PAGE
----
"In response to this action, Minister for Indigenous Affairs Mal Brough will consider more funding to address the housing backlog in the Northern Territory.
"The introduction of public housing management for new homes in town camps is part of a strategy to tackle the challenges in Alice Springs.
"The Northern Territory Government and the Federal Government recently committed an extra $30 million for new housing and urgently needed short-term accommodation in Alice Springs."


MEREENIE LOOP JOB LET A $4m contract for work on the West MacDonnell Range Tourist Loop Roads has been awarded.
Larapinta Constructions, a Joint Venture between Ntaria Council (Hermannsburg) and DAC Enterprises, will provide gravel for the project.
Under the contract, Larapinta Constructions will excavate, screen, crush and blend gravel at the intersection of Namatjira Drive and Haasts Bluff, commonly known as Beer Can Corner.
Infrastructure and Transport Minister Dr Chris Burns said the contract would provide substantial employment and training.
LOADER "While DAC will provide much of the plant and management, Ntaria has purchased a 960 Cat loader and will provide people for training." The gravel will be used to sealing Namatjira Drive from the 86km mark to the 134km mark (extending the seal from Glen Helen through Tylers Pass).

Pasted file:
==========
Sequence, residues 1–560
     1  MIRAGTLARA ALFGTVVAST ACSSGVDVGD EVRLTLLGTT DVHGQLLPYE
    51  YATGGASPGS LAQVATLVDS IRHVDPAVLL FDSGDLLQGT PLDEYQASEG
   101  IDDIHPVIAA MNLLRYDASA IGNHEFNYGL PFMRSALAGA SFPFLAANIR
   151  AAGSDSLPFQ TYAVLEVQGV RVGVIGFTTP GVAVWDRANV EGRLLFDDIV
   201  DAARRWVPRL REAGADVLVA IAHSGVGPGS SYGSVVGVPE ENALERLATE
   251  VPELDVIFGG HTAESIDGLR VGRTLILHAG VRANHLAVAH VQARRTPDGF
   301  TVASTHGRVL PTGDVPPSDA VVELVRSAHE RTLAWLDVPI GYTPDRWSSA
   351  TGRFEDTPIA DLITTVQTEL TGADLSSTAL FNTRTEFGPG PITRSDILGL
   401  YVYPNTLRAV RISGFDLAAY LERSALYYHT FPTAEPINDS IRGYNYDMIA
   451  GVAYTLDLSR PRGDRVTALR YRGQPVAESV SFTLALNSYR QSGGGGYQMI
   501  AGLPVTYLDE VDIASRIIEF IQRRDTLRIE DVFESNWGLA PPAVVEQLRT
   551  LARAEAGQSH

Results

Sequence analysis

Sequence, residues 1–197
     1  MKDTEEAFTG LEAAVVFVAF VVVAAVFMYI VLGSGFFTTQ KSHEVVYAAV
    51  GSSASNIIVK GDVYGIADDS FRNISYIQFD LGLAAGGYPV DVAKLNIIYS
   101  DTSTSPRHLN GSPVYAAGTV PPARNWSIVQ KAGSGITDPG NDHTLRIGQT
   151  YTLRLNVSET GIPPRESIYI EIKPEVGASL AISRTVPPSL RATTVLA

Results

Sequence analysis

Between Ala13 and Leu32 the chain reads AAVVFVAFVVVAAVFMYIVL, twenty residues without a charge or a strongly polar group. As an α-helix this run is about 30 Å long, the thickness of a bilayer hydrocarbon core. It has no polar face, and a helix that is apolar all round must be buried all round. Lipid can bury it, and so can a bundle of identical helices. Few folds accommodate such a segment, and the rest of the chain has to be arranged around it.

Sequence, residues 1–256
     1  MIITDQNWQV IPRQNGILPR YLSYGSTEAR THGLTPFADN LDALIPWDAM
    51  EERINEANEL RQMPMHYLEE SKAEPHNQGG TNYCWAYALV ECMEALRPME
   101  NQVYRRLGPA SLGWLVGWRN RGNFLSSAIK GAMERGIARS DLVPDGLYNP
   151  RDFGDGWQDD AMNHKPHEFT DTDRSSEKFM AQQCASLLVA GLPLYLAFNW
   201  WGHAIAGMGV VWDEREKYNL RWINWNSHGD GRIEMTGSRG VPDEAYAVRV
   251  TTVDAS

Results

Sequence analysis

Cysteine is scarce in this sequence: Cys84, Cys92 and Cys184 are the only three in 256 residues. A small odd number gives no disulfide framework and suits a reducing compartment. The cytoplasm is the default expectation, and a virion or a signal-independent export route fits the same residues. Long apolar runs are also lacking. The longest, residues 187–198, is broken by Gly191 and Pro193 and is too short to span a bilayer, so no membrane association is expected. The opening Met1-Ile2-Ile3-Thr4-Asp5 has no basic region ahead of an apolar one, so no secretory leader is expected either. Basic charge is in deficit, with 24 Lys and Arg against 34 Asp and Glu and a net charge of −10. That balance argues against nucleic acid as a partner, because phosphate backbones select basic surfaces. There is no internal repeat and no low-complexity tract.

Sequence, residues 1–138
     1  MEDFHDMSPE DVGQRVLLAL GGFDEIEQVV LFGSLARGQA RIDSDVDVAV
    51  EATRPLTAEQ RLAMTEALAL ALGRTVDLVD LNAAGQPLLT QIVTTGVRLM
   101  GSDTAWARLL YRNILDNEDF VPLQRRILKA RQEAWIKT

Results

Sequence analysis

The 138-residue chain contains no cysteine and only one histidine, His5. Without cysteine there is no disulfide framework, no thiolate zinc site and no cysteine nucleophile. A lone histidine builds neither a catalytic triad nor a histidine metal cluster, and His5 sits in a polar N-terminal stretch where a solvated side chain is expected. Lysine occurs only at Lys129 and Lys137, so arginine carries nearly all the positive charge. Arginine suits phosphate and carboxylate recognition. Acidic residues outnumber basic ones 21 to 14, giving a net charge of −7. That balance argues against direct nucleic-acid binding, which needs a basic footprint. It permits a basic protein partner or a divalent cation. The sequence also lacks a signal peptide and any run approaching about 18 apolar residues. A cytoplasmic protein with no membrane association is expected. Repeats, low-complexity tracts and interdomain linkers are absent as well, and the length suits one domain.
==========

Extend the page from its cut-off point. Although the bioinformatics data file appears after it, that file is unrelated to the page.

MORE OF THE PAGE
Design is complete and tenders are due to be called in the very near future.
Dr Burns said upgrading the roads to sealed standard will allow more Territorians and tourists to enjoy "some of the most spectacular country in the Territory".
$13.9m has been allocated to the project in the 2006/07 Budget, though much of this amount has been brought forward from last year's budget, when $17.3m was allocated and only $6.8m spent.

SOME SERVICES STILL AT FAMILY PLANNING Concerned patients have been contacting Family Planning in Alice Springs following a cut in services (Alice News, May 11).
Because the organisation can't afford to pay a doctor, procedures like pap smears can't be offered any more.
The services which are still being carried out by the association (located on Todd Mall) are dispensing pills from current prescriptions, pregnancy testing, the morning after pill (ECP) plus information about all of these things as well as consultations and information on other services.

ADMINISTRATOR STARTS JOB Suspension of the appointment of an administrator for the Nyangatjatjara Aboriginal Corporation (NAC) has been lifted by the Federal Court.
The administrator, accountant Eamonn Thackaberry, has recommenced his activities with NAC.
However the appointment is still the subject of a legal challenge under the Administrative Decisions (Judicial Review) Act 1977 and will go to trial later this year.
The appointment arose after an independent accountant examined the affairs of NAC in December, 2005.